Editors note: This is part one of a two-part series.
By Heather Scofield
Herald Staff Writer
An eagles nest rests atop a ridge overlooking serene Lake Nighthorse.
For Bureau of Reclamation employees, the nest is a reminder of obstacles to be overcome as they dammed and filled the lake.
But the nest means much more to the Native American tribes involved in the 40-year process of securing water for the Animas-La Plata project. They refused to allow the nest to be disturbed while the reservoir was under construction.
Eagles are spiritually significant in Native American culture, said Manuel Heart, Ute Mountain Ute Tribal council member, gazing toward the cliff from atop the dam. The tribes of the Four Corners believe the regal bird that calls the nest home watched over the valley during the projects construction and will continue to protect the valley, he said.
The nest is an example of how cultural heritage drives Native American tribes interactions with government, the environment and their neighbors. Both tribal and nontribal leaders say the heritage that has long led tribes interaction with people, businesses and nature the same set of beliefs and practices that led them to fight for the protection of the eagles nest is eroding. Fears of what that could mean to the tribes and their neighboring communities has prompted a battle to save the Ute culture.
What is culture?
Local tribal members say its filled with meaning and importance and is not something taught or learned in a day. Experts and leaders say it can affect a range of things from crime rates to a childs educational success. It affects health and spiritual condition, some members of the Southern Ute and Ute Mountain Ute tribes said. And it dictates how the tribes and their members interact with the planet, business communities and U.S. government at all levels.
Our culture is a way of life, said Ute Mountain Ute tribal member and cultural artist Norman Lansing.
For the Ute nation, the word culture describes countless aspects of life learned over centuries and generations, from the language and spiritual ceremonies, to the circle of life, to everyday crafts, clothing and meals.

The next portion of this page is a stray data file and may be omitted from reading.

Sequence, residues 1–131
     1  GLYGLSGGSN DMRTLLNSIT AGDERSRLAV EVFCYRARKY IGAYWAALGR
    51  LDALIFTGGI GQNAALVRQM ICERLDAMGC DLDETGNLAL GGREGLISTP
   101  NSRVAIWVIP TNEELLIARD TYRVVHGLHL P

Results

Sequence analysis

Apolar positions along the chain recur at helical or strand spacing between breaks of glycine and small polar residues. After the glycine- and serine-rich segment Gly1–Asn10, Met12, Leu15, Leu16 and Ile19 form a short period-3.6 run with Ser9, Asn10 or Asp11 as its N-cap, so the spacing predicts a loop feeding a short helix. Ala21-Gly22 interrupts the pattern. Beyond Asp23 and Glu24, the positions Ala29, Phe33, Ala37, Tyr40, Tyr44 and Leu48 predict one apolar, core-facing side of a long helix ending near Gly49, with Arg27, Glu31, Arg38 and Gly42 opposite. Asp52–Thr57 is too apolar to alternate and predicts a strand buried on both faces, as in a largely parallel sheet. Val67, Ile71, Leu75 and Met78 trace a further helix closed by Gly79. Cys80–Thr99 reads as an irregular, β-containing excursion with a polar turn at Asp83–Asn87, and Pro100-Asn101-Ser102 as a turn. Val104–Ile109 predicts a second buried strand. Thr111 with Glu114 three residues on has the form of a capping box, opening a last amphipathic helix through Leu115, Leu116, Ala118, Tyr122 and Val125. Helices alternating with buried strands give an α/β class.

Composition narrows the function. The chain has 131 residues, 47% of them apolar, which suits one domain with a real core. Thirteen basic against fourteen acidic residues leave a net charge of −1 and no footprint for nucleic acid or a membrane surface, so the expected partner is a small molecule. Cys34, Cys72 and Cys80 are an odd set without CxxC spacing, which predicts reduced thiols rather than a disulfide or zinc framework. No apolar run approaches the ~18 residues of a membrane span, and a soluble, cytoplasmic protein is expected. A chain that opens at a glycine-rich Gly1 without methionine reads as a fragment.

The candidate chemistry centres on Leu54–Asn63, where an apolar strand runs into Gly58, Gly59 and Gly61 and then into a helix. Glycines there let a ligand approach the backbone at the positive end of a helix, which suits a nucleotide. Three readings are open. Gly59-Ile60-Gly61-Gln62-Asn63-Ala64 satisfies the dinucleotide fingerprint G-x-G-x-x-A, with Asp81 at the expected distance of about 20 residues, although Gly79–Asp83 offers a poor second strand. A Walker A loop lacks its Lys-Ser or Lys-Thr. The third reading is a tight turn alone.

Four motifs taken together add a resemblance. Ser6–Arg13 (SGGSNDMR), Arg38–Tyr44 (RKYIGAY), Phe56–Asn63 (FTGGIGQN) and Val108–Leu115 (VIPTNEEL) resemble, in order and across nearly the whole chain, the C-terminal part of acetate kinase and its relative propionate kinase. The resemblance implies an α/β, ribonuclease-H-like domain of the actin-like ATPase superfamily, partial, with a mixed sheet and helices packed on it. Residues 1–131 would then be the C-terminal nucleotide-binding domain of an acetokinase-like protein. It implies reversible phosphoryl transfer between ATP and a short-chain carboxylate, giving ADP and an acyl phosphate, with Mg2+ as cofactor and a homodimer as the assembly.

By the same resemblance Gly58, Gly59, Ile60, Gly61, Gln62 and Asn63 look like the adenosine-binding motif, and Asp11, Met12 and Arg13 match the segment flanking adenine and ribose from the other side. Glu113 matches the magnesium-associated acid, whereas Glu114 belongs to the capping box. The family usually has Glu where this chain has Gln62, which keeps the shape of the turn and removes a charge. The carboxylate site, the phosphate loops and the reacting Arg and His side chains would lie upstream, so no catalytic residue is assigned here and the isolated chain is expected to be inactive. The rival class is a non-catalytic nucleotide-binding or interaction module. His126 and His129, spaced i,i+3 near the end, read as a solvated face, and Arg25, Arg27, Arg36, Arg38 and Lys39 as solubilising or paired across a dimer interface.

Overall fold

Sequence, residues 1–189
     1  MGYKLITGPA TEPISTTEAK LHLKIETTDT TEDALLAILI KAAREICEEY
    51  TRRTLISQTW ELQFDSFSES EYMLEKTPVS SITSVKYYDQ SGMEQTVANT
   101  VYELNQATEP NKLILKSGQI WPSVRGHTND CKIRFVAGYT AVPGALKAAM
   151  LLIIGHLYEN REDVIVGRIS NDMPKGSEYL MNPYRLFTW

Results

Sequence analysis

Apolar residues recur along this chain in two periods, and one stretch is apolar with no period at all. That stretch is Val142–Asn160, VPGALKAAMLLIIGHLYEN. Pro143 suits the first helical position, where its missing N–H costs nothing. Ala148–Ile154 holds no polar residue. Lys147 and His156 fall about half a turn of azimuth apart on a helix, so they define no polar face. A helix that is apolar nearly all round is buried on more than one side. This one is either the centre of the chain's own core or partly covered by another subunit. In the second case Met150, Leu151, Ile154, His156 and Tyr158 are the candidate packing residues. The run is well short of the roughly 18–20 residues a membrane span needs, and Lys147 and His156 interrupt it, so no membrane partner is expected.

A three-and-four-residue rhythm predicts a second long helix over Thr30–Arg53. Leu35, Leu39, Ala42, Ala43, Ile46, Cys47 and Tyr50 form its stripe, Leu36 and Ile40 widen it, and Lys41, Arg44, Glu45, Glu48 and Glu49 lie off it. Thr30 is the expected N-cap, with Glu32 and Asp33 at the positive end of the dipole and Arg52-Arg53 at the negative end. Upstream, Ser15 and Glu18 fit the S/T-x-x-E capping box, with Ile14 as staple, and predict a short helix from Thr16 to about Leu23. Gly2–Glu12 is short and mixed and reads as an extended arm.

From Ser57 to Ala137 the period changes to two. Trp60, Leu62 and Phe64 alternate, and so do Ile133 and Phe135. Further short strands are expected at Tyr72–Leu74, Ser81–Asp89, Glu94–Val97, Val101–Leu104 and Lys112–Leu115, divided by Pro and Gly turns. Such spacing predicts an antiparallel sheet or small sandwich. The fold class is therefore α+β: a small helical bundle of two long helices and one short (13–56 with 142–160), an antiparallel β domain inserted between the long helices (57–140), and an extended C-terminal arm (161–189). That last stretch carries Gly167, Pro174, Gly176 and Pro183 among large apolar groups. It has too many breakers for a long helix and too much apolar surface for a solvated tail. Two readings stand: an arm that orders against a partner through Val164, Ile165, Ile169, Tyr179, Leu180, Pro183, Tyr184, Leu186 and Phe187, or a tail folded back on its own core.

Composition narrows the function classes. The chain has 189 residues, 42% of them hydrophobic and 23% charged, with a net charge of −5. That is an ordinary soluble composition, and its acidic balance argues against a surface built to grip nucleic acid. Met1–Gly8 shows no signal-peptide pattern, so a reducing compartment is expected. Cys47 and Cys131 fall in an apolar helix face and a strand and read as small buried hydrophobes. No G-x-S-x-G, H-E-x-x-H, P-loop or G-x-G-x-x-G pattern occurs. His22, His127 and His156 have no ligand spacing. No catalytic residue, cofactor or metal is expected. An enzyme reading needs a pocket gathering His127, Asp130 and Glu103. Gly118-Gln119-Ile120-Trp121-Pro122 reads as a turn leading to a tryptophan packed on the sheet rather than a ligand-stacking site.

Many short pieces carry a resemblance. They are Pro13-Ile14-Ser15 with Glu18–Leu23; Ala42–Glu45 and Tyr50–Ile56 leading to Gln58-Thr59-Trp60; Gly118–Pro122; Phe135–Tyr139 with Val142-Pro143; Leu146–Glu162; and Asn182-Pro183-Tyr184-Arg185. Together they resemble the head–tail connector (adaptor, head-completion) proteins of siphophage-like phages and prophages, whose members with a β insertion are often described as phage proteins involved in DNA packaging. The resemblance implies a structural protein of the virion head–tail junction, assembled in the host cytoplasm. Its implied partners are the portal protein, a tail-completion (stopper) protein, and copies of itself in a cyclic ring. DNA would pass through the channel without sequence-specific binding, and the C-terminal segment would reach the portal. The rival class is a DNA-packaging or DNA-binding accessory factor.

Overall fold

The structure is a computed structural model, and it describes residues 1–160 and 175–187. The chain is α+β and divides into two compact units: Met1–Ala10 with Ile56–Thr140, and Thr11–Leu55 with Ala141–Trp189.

And losing those traditions could threaten the prosperity of the Southern Ute and Ute Mountain Ute tribes and their relationships with neighboring communities, tribal leaders and officials said.
Why? Because the Ute tribes traditions dictate so much of what they do, and their interactions with government, businesses and the communities around them have a tremendous economic impact on the region.
I think its pretty clear to see the interconnectedness of their communities to ours, said Joe Keck, director of the Small Business Development Center at Fort Lewis College. They have a tremendous impact on our region.
The Southern Ute Indian Tribe is La Plata Countys largest employer and provides some of the areas highest paying jobs with the best benefits, Keck said. The tribes investment portfolio is worth more than $1 billion, according to the latest Comprehensive Economic Development Strategy report by Region 9 Economic Development District of Southwest Colorado.
In neighboring Montezuma County, the Ute Mountain Ute tribe is one of the largest employers and a major contributor to the regional economy, the report said.
The two tribes operate nearly 150 government agencies and departments and about 100 private enterprises and businesses.
Though they represent just over 3,000 of the regions residents, they invest heavily in area hospitals and charities and influence local legislation. They are real estate developers, environmental innovators and energy producers for the region, state and nation.
The tribes see the world a little differently, and their impact on the regional economy and government is great, said David Lester, executive director of Council of Energy Resource Tribes. His organization is made up of more than 50 tribes dedicated to building economic strength, independence and strategies for working with local, state and federal agencies.